IRS Releases Fact Sheet on Two Clean Energy Tax Credits - Lauren Loricchio, Tax Notes ($). "The IRS has released a fact sheet to help explain the mechanics of changes to credits for energy-efficient home improvements and residential energy property in the Inflation Reduction Act (P.L. 117-169)."

Link: Frequently asked questions about energy efficient home improvements and residential clean energy property credits 


Massachusetts High Court Rules for Retailer in Cookie Nexus Case - Andrea Muse, Tax Notes ($):

In its December 22 ruling in U.S. Auto Parts Network Inc. v. Commissioner, the court ruled that the Massachusetts Appellate Tax Board reasonably concluded that cookies and apps stored on a customer’s device and the use of third-party content distribution networks (CDNs) did not constitute physical presence.

The court declined to apply South Dakota v. Wayfair Inc. retroactively, finding that the applicable commissioner’s regulation incorporates the physical presence standard in Quill Corp. v. North Dakota.

Related: A Sales Tax Reform Game Changer: How Wayfair Changed the Sales Tax Reform Landscape.


North Carolina Supreme Court: Wisconsin-Based Printer Must Pay Sales Tax - Christopher Jardine, Tax Notes ($). "At issue in the case were printed materials sold by Quad Graphics Inc. — a commercial printer of books, magazines, catalogs, and direct mail items, headquartered in Sussex, Wisconsin — to customers in North Carolina from September 2009 through December 2011. The company also sold printed materials to customers who delivered them to third-party recipients in North Carolina. The materials were produced out-of-state and delivered via the U.S. Postal Service or other common carriers to sites located outside North Carolina. The total value of the orders was about $20 million."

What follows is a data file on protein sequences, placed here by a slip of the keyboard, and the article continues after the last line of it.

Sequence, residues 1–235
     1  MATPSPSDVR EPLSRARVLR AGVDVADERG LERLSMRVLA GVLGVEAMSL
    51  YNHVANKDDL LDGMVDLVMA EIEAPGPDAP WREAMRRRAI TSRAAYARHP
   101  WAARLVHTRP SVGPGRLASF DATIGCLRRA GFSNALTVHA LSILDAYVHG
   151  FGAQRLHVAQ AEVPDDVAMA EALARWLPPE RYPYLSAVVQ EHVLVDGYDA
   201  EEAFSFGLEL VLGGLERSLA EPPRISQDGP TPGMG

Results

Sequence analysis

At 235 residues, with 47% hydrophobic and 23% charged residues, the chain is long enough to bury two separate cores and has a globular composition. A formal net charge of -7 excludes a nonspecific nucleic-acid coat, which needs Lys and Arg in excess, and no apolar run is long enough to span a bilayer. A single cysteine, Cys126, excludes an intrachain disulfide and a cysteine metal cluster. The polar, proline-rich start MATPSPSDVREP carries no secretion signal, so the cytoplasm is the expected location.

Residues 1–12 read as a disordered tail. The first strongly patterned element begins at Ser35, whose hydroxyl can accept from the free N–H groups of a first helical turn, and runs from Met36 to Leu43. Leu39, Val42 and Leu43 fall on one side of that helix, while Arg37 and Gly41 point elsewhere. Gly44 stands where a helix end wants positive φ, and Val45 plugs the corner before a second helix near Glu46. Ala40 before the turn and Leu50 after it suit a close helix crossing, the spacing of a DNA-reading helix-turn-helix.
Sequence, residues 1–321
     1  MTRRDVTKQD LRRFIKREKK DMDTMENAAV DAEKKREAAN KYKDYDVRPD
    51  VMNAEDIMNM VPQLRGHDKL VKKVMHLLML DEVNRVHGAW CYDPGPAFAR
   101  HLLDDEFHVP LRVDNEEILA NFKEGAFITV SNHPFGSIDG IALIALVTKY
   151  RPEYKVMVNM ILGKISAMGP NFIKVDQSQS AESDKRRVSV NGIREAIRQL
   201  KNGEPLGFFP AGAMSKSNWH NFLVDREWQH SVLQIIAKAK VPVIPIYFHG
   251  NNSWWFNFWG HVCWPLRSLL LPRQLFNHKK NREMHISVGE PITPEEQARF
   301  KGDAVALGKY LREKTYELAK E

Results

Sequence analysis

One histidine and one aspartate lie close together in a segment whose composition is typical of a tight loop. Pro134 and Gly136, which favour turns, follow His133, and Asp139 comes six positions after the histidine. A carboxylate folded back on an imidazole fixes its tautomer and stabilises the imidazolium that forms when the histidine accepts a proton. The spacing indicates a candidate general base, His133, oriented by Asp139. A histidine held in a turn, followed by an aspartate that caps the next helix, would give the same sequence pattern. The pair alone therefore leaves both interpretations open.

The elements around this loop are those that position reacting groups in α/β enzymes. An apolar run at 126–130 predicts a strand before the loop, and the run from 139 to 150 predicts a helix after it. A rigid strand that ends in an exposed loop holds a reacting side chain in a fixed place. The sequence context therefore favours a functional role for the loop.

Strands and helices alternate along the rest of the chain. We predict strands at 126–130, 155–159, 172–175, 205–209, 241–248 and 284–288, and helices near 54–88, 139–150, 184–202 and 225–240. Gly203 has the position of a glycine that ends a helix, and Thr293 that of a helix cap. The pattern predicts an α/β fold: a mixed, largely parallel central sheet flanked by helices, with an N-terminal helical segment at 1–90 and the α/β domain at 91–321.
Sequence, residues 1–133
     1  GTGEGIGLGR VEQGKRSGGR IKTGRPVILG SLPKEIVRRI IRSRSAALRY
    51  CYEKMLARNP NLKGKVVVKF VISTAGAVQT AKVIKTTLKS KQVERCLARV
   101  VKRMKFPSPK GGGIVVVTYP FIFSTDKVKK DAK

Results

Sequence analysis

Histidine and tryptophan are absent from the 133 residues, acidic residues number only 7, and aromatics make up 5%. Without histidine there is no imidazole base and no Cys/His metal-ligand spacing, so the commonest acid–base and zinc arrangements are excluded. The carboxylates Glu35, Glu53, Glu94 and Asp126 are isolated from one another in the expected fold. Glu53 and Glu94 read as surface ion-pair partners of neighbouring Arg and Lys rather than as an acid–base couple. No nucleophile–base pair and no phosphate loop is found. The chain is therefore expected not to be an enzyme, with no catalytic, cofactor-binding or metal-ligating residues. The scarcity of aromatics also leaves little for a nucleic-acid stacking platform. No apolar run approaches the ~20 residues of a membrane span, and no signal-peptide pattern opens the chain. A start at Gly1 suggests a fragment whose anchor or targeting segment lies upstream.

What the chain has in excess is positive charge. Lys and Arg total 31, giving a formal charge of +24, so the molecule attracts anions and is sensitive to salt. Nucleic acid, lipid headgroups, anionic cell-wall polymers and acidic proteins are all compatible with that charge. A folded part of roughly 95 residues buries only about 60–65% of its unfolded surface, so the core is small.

Big Nonprofit Hospitals Expand in Wealthier Areas, Shun Poorer Ones - Melanie Evans, Max Rust, and Tom McGinty, Wall Street Journal. "As nonprofits, these regional and national giants reap $8.8 billion from tax breaks annually, by one Johns Hopkins University researcher’s estimate. Among their obligations, they are expected to provide free medical care to those least able to afford it."


Digital Asset Reporting Will Not Be Required Until Regulations are Issued - Ed Zollars, Current Federal Tax Developments. "The IRS announced in Announcement 2023-2[1] that the agency will not require reporting on digital assets by brokers as required by the Infrastructure Investment and Jobs Act until regulations are issued implementing Section 80603 of the Act modifying IRC §§6045 and 6045A."

8 year-end tax moves you can't afford to miss - Kay Bell, Don't Mess With Taxes. "1. Take your required minimum distribution... Once you get on the RMD track, you must take it annually by Dec. 31 — or the end of the business year (the aforementioned Friday, Dec. 30, this year) so that your account manager can ensure it meets the deadline. Don't ignore the RMD requirement or you'll face a hefty tax penalty."